In a fit of shameless self-promotion, I’m going to spruik my new book. (because if you can’t show it off on your own blog, where can you?)
It’s called Melbourne’s water catchments: perspectives on a world-class water supply. It’s available from CSIRO Publishing.
The book is an account of the history of Melbourne’s water supply (I bet you didn’t see that coming), from the squalid swamps of the first settlements to the sophisticated system in place today. How have ecological, biological, economic and political pressures affected the water supply over time? What challenges will Melbourne face for water supply in the future? Find out in the book!
…he’s not real.
But you already knew that, as did I. He’s a fictional character – Frodo Baggins isn’t real either, and gasp, neither is James Bond. So imagine my surprise when I read a news piece about a literary conference on Harry Potter, going on in Scotland this week.
At first I thought it was tongue-in-cheek, because things like ‘politics of goblins’ was listed as a discussion topic and presentation, but then other topics were listed – such as the influence of various fiction writers on, presumably, popular culture – which led me to think that it was actually serious. The latter could make sense – there is nothing wrong with analysing the way in which certain events and items change our lives. Many events and conferences have surely been held to discuss the way the Suffrage Movement affected society. But I can’t help feeling a bit uneasy about a conference that may well have academic merit being billed as a bunch of people in wizard hats talking about the aerodynamics of the golden snorch* (or whatever it’s called – I’m not really au fait with the world of the Potter).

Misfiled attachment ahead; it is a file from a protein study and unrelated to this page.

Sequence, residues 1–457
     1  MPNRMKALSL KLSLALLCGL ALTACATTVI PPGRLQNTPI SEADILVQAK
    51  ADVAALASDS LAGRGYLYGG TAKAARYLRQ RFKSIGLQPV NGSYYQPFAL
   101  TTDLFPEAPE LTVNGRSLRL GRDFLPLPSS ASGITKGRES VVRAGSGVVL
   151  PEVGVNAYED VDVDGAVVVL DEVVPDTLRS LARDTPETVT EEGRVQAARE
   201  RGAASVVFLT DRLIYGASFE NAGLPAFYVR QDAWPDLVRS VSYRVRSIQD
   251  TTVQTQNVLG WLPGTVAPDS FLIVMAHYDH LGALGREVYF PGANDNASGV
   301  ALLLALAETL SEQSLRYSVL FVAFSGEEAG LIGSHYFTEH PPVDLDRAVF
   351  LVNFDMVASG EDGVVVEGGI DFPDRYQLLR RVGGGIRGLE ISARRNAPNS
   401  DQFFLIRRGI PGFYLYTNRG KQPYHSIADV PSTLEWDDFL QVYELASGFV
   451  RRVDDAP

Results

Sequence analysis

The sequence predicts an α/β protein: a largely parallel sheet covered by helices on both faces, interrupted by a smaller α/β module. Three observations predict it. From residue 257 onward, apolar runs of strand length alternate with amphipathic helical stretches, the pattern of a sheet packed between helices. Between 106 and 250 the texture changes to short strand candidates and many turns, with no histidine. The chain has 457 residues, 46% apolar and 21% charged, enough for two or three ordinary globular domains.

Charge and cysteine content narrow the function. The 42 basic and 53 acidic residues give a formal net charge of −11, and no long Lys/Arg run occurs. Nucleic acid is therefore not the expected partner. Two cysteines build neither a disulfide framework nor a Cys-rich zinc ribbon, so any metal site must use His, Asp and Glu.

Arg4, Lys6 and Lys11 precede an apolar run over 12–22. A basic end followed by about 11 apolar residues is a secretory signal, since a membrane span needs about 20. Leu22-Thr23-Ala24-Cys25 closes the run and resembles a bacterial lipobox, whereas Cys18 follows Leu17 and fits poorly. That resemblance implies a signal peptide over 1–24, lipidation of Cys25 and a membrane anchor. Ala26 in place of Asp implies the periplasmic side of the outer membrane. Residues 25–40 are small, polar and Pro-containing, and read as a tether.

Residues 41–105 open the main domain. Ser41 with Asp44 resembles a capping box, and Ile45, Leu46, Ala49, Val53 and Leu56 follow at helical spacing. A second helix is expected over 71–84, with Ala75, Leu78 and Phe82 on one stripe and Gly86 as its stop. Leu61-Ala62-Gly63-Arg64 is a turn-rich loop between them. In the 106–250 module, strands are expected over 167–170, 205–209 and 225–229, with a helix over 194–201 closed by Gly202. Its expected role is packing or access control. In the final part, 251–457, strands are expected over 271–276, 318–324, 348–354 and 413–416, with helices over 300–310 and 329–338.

At the end of the day, no matter how much the Potter books are perceived to have changed our society, they remain a series of books for children. They aren’t exactly War and Peace, or Les Miserables. The conference organiser defends the conference by noting that the books are really long and therefore could generate lengthy discussion. The point that the books were works of fantasy aimed at kids seems to have been missed. There’s a gap in logic there – long-winded and high-selling does not necessarily equate to sophisticated literature. Heavens, if that was the case, we’d be running conferences on the Da Vinci Code – which was not real either, but nevertheless sold like crazy and had a movie made of it too.
I’m uneasy because there is a public perception that many academics are out of touch with reality, or don’t deserve funding because the research they do is not seen to be ‘useful’. If this was a serious academic conference, it should have been pitched as such. If it actually was a bunch of adults in wizard hats mulling over whether the goblins were mistreated by their owners, well, that’s just silly.
*edit: It’s a snitch, not a snorch, apparently. This is a snorch:
credit: real monsters wiki